Science, this issue p. 227

  5. Astrochemistry

    Making ribose in interstellar ices

    1. Keith T. Smith

    Astrobiologists have long speculated on the origin of prebiotic molecules such as amino acids and sugars. Meinert et al. demonstrated that numerous prebiotic molecules can be formed in an interstellar-analog sample containing a mixture of simple ices of water, methanol, and ammonia. They irradiated the sample with ultraviolet light under conditions similar to those expected during the formation of the solar system. This yielded a wide variety of sugars, including ribose—a major constituent of ribonucleic acid (RNA).

    Science, this issue p. 208

  6. Political Science

    Not just turnout, but turnaround matters

    1. Gilbert Chin

    In the last several U.S. presidential elections, the campaign mantra has focused on making sure that voters already aligned with one's candidate do get out to vote. There is a long history of unsuccessful efforts to change people's attitudes. Nevertheless, Broockman and Kalla conducted a field experiment showing that Miami voters shifted their attitudes toward transgender individuals and maintained those changed positions for 3 months (see the Perspective by Paluck).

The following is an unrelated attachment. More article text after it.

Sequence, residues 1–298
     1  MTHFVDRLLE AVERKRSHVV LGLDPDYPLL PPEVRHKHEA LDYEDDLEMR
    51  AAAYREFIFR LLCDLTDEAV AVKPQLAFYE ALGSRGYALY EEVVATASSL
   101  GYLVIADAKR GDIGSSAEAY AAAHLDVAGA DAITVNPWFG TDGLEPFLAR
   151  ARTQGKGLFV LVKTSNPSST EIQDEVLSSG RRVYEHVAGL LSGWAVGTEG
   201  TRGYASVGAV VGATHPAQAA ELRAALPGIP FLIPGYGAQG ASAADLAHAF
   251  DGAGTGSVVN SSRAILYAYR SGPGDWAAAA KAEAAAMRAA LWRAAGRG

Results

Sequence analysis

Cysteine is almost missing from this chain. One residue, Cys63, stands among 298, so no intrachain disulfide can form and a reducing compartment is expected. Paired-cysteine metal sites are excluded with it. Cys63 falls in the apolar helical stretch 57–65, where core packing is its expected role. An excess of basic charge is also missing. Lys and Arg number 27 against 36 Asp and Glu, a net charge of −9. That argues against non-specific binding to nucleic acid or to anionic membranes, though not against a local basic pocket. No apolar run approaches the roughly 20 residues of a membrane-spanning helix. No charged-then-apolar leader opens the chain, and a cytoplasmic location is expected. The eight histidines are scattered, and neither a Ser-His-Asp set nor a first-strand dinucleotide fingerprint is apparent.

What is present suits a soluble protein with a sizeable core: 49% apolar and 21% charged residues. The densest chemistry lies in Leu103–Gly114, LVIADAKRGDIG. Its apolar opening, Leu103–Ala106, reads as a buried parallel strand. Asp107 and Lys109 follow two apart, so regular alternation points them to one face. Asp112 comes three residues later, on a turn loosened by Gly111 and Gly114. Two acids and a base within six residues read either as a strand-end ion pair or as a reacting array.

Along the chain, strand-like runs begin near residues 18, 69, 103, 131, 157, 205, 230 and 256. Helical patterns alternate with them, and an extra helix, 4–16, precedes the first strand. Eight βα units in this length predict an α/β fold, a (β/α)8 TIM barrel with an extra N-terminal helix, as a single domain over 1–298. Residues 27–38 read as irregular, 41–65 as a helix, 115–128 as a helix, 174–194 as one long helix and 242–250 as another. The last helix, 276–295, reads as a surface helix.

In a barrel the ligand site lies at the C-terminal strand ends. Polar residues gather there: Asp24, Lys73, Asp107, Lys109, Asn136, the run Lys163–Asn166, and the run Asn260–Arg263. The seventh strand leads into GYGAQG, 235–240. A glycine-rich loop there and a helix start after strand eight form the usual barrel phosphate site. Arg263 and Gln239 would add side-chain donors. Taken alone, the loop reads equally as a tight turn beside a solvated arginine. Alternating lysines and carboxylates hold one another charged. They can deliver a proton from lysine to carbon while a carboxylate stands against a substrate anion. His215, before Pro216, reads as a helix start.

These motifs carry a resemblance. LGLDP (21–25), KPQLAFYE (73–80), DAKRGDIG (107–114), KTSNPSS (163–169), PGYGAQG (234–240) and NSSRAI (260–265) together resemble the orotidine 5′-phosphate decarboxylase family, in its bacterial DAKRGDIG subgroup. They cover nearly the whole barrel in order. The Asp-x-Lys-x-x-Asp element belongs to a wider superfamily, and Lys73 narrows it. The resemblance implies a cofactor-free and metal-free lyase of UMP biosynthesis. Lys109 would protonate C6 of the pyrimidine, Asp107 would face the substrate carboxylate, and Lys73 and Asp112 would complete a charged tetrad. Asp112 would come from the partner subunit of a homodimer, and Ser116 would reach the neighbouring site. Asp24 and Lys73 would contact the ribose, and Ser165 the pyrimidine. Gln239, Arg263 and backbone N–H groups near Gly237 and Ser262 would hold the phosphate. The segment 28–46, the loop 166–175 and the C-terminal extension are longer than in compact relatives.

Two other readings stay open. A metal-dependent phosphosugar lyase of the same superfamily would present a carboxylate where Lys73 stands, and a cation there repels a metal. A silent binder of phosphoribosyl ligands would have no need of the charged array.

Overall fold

Science, this issue p. 220; see also p. 147

  7. Biophysics

    How biomolecules fold

    1. Valda Vinson

    In order to fold, biomolecules must search a conformational energy landscape to find low-energy states. There are peaks in the landscape where the molecules must occupy unstable conformations for a short time. Neupane et al. used optical tweezers to observe these transition paths directly for single nucleic acid and protein molecules (see the Perspective by Wolynes). They measured a distribution of times taken to cross the transition path and found that the shape of the distribution agrees well with theory that assumes one-dimensional diffusion over the landscape.

    Science, this issue p. 239; see also p. 150

  8. Cardiovascular Disease

    Dissolving away cholesterol

    1. Yevgeniya Nusinovich

    Atherosclerosis-driven cardiovascular disease is one of the most common causes of death worldwide. Existing therapies do not treat all patients effectively. Cyclodextrin, a common FDA-approved substance, is already used as a solubilizing agent to improve drug delivery. Zimmer et al. found that cyclodextrin solubilizes cholesterol, removes it from plaques, dissolves cholesterol crystals, and successfully treated atherosclerosis in a mouse model. Because cyclodextrin is already known to be safe in humans, this drug is now a candidate for testing in patients with atherosclerosis.

    Sci. Transl. Med. 8, 333ra50 (2016).

  9. Paleontology

    Time scale of the peopling of the Americas

    1. Philip Yeagle